Another intrepid survivor, it had a bit of its front left wing missing and a chunk of the right rear looked to be absent too, but it was still flying. Maybe it would find a mate with which to produce some of the next generation. He/she would have deserved it. But the chances – bearing in mind how few other survivors I’d seen – looked a bit slim. It struck me that it’s no good being the fittest to have survived if there are no others left to survive with.
Far more butterflies were about in our relatively sheltered garden, and in the adjoining field, the day before: Meadows Browns and Small Heaths, the odd common Blue and a few Green-veined Whites.
But Large Whites were the most prevalent. They were all over the place. And they all seemed to be in beautifully fresh condition.
It looked like they’d emerged that day – or very recently – and it made me wonder what had triggered it. Do their chrysalises know somehow that conditions are favourable? Are they maybe sensitive to temperature or levels of sunlight? But then again, some of the winds have been pretty warm and the skies had been clear while the wind was blowing fiercely. Could they be sensitive to vibrations caused by high winds perhaps? Is their an instinct in the dormant chrysalis that makes it wait until things have calmed down?
Whatever had caused the new generation to appear, it was like a Large White carnival: butterflies chasing each other and dancing and feasting on the nectar of flowers in our garden, and in the field too where there was a profusion of wild mint in bloom.
And what about the Adonis Blues up on the Plain? I’d comes across one male on a walk during the last couple of weeks that was about quarter of a mile from where they were normally found. Perhaps blown there by the wind? But it wasn’t the location so much as the condition of the butterfly that I found intriguing. The worst of one storm had only subsided a day or so before, and this butterfly was in pristine condition. It had to have only recently emerged, perhaps that morning.
At the time I had wondered whether this was just a lucky individual who’d avoided the storm by chance – in emerging a day or two after it – while other butterflies had been emerging and perishing in the fierce winds. Or whether this was the tail end of the Adonis Blue emergence, and there was some innate instinct that made the chrysalises that were left wait. Instinct or chance, it looked like timing was pretty much everything, as usual. Though, having said that, there was no way the butterfly – or chrysalis – could have known that another storm, Francis, was just round the corner. But then there’s bad luck as well as good timing.
We had a tropical downpour in rural Wiltshire the night before last. We were woken by seriously big rain clattering on the roof and there was instant dual springing out of bed and panic closing of all the wide-open windows upstairs. One of our dogs, Roxie, was shaking and whimpering downstairs – she’s not a fan of thunder and lightening – and we had to feed her slithers of ham to calm her down. You give slithers of ham to one dog and you have to give slithers of ham to the other. And then you start getting a bit peckish yourself – at two in the morning. All to a background of dramatic lightning flashes and rumbling thunder. Strange night.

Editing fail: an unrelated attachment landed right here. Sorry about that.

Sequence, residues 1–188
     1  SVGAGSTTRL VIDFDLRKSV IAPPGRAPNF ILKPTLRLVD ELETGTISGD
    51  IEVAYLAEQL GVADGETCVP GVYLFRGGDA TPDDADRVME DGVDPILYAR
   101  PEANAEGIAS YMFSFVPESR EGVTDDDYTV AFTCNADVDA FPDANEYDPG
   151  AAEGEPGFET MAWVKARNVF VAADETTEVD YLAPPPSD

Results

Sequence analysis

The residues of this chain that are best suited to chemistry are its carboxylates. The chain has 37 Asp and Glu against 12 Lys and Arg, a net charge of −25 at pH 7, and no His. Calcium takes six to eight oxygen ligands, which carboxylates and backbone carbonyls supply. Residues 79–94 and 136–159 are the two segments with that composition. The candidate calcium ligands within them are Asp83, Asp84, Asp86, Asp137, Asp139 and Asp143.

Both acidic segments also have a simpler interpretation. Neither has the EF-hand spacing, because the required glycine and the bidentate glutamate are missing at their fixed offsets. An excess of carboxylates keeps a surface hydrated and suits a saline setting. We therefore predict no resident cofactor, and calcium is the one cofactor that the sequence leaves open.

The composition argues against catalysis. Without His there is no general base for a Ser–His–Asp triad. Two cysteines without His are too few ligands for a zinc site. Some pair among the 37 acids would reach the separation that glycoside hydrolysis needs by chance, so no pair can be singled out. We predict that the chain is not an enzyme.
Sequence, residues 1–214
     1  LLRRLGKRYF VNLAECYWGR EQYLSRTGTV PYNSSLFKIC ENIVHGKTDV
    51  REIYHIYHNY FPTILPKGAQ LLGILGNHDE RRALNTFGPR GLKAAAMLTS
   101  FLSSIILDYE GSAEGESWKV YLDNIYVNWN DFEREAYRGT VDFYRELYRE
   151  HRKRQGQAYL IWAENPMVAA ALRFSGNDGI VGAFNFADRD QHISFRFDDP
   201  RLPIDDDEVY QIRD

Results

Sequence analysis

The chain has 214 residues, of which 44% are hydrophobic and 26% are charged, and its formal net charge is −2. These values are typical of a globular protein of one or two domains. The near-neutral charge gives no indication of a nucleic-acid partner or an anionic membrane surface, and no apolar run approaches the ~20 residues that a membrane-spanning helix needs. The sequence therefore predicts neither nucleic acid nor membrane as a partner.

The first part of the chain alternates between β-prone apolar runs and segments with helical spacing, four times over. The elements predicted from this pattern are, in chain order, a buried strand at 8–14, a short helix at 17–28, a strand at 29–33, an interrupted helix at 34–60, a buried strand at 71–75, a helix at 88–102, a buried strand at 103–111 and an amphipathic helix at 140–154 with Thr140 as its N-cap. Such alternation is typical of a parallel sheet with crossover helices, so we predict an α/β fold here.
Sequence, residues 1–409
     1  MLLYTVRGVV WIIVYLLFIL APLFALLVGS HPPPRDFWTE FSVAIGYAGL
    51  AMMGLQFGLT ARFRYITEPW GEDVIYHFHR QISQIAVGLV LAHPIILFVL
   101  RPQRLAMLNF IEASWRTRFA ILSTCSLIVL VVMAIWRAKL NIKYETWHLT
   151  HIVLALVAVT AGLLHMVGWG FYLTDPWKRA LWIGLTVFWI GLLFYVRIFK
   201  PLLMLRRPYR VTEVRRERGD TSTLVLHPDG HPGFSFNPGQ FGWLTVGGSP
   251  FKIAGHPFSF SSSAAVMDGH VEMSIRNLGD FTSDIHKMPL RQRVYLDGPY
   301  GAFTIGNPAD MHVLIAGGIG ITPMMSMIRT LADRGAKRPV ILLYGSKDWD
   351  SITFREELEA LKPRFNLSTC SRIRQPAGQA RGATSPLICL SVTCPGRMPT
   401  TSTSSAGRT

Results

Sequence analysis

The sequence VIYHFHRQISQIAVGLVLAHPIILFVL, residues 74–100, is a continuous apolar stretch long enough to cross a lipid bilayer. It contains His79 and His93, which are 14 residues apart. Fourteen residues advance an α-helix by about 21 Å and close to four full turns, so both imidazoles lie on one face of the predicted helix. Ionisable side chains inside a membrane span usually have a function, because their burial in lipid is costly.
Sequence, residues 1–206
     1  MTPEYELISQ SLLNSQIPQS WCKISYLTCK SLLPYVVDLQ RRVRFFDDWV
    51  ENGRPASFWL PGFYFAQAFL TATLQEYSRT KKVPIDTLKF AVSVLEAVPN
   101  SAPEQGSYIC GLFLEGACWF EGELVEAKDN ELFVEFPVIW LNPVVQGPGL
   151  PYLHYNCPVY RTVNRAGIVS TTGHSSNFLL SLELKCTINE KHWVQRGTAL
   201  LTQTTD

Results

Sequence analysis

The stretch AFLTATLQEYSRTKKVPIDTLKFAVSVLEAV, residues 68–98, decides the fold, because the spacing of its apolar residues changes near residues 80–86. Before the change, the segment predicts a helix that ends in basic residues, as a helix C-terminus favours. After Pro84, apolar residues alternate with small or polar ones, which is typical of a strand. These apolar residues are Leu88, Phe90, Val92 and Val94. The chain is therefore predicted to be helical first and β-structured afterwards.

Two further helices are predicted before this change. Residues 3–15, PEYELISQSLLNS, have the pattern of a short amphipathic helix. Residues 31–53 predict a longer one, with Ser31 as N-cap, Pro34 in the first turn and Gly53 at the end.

Was hoping the downpours might have eased the humidity a bit but not so far. This is the second day of cloudy damp and drizzle, which is not great butterfly weather. It hasn’t been great butterfly-spotting weather for a while now: either too hot for the dogs to walk out in the open where the butterflies generally are, or it’s been overcast but still hot and steamy and not great walking weather either, for man or dog.
Walking has been confined to early mornings under the trees. We’re lucky to have shady woodland at the top of a breezy escarpment five minutes drive away. It doesn’t attract many butterflies but does attract a lot of other dog-walkers. In these socially-distancing times it’s often the most human interaction we get all day.
So, not many butterfly pictures lately. We do now have a few Common Blues in the garden and field along with all the Small Whites which seem to be looking for places to lay their eggs at the moment. About a week ago I managed one or two evening shots with low sun of Common Blues. The one at the top is an example. The one below another.
The last good sunny walk we had was at Tilshead Down, a week and a bit ago, where I saw my first Small Copper of the year.
Thought it was a female Common Blue flittering about in the long grass (I’d just taken a picture of one) before I saw it through the lens. And then it was up and away and we didn’t see another. The angle wasn’t right for showing off its shiny copper wings, but good to tick off another species for the year.
UPDATE, AUGUST 28th: I misidentified the butterfly below left. I’m now pretty sure it’s a Brown Argus. Another first of the year for me!
And then we saw a tiny thing wriggling its way across the dusty path just ahead of us. A closer look showed it to be a Common Lizard, no more then a couple of inches long, including its tail.